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we'd stop and talk to each other, ask how each other were doing and just yell up above us. >> aside from the fierce winds and the stability of the tower, the group has something even more dangerous to worry about. >> one of the things we didn't know was how charged that tower still was. it's got 50,000 watts or so that are into that tower. >> luckily the managers of the radio station act quickly, shutting off all transmissions to the tower immediately after the accident. >> we just climbed down step after step. the ladder is not made for convenience of short-legged fellows like me. i remember looking out and thinking, my god, i'm not getting any lower. it seemed like i was at the same level. >> for more than two hours, with news helicopters circling, bill chappel and his young companions carefully descend the 700-foot tower. finally, near the bottom, they reach a point where rescuers can
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reach them from the ground. >> how do you climb down such a long ladder? >> it was a long haul. i'm getting a little weak in the knees, but we did it, and these kids were an inspiration. they did fine. nothing like terra firma, i tell you, the safety of the crew, the safety of the arms. we were all crying and just glad to be alive. >> bill presents both boys with a smokey bear pin as a tribute to their courage. meanwhile, 10-year-old aaron whitaker is shaken but in good spirits. >> would you ever fly again? >> probably when i'm older. a couple years away, yeah, probably. but this year, no. >> sir, what about you? >> you betcha. >> you've been flying for a long time. >> you bet, yep. i can't wait two years. i'm getting too old to wait. >> thanks to a nationwide fund-raising effort, bill launches brand-new smokey balloon in 2005, less than a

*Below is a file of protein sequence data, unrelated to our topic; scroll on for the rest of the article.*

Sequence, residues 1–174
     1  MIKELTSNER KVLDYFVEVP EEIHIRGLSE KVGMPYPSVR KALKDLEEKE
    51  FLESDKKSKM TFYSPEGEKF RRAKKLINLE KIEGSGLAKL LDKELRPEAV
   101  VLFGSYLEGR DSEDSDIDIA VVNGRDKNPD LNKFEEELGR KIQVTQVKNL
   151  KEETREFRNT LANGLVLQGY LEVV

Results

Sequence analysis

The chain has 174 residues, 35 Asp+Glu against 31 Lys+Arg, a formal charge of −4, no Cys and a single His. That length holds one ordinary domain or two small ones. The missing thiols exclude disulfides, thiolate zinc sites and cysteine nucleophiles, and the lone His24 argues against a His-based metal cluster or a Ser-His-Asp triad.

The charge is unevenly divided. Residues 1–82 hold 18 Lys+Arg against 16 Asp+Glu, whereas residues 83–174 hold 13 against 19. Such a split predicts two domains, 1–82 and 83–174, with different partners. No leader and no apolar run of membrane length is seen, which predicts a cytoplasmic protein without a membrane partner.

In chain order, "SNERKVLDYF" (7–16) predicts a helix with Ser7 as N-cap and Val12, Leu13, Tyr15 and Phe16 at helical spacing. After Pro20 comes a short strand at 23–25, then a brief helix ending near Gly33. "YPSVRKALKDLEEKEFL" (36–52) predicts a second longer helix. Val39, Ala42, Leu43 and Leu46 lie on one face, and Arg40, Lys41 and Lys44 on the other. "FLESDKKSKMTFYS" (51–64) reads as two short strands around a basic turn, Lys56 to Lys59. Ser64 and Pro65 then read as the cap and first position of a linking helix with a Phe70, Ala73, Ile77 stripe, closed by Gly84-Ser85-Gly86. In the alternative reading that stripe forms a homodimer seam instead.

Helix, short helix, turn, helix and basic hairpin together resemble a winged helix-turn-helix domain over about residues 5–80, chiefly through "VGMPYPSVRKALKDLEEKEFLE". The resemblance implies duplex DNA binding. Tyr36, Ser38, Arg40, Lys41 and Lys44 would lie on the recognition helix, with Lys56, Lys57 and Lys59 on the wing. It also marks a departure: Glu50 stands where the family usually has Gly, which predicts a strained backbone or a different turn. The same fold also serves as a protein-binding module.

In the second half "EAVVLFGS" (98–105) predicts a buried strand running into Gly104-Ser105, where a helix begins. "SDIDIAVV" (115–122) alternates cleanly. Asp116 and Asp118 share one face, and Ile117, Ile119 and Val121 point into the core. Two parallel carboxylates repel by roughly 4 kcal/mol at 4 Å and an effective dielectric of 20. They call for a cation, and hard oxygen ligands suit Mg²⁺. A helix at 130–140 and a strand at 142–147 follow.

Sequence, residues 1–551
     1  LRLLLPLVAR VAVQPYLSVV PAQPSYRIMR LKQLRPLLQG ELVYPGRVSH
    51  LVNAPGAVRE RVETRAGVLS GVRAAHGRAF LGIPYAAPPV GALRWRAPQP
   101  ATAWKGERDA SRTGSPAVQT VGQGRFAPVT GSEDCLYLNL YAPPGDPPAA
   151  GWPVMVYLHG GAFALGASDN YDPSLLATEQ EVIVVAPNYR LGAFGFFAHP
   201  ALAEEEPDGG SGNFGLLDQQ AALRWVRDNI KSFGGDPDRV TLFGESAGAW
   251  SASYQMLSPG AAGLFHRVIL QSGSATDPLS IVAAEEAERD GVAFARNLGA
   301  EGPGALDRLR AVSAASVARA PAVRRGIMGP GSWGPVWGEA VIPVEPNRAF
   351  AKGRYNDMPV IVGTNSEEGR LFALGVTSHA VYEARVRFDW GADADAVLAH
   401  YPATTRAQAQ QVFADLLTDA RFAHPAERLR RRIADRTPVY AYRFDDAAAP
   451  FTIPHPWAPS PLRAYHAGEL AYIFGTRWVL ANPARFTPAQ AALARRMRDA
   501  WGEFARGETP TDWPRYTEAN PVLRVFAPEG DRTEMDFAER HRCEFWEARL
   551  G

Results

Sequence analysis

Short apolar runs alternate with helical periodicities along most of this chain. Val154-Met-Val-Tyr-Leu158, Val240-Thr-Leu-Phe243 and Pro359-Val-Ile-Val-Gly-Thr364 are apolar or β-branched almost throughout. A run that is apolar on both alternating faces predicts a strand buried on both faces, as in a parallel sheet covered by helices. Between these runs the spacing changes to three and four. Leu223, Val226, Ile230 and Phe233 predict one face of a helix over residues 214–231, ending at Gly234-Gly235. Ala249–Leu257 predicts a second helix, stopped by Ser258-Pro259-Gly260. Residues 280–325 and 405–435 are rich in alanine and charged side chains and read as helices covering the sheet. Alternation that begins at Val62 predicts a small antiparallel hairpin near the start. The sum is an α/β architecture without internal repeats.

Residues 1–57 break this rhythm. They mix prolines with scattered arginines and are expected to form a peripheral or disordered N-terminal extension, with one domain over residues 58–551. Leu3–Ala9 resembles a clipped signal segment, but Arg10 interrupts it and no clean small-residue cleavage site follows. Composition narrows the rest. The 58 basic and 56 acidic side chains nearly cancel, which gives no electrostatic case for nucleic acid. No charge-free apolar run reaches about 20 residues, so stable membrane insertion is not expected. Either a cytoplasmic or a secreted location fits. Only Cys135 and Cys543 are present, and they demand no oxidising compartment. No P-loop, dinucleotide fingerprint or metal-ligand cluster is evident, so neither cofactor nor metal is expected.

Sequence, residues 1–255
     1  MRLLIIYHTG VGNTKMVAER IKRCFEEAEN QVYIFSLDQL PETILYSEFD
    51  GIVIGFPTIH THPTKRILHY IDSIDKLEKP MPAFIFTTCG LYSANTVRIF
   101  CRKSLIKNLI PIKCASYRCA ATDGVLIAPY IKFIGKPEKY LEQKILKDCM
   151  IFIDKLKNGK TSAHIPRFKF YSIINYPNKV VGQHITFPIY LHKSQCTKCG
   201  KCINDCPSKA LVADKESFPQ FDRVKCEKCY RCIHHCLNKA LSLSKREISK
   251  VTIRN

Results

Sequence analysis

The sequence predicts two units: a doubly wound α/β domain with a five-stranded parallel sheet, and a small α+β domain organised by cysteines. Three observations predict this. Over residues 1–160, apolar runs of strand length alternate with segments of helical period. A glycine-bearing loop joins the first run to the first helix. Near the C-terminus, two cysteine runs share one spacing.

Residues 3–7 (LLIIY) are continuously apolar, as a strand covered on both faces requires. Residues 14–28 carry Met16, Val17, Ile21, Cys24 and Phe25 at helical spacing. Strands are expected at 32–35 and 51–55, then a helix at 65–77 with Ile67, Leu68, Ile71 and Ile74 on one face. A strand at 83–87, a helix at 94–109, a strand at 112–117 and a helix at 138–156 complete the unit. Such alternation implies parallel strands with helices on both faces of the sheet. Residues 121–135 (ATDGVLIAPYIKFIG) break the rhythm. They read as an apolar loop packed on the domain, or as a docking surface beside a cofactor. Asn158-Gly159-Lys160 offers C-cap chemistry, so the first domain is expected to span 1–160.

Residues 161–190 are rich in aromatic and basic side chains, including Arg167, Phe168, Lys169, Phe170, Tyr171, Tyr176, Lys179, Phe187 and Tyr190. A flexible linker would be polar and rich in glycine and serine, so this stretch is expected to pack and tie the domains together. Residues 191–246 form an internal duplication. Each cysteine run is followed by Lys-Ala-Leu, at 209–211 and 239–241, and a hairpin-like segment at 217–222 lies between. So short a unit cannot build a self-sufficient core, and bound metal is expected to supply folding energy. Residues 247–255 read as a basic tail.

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year after the accident. and in 2009, bill is back in albuquerque to help celebrate smokey bear's 65th anniversary. but no one involved will forget that fateful day in october when a pilot and his passengers were lucky to escape with their lives. >> you know, with ballooning, the takeoff is optional. landing is a must. and so we just had a landing we didn't expect. all of the people we've met in this hour have been changed by their experiences in ways, large and small, and whether they were saved by others or they found a way to save themselves, they feel lucky to be alive. if you have a video you'd like to send to us, logon to our website, i'm contessa brewer. that's all for this edition of "caught on camera.
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good morning. coming up on "first look," thanksgiving get away week is being met with cold temperatures and hundreds of canceled flights. >> optimism around the globe. israel's netanyahu condemns the plan. a hot night for taylor twist and justin timberlake at the american music awards along with a giant kitty cat for mily cy s cyrus. good morning. a deadly winter weather system shaping up to be a holiday nightmare. parts of the country setting records over the weekend. it is all part of a giant system moving east just as 43 million americans gear up for their thanksgiving travel. billin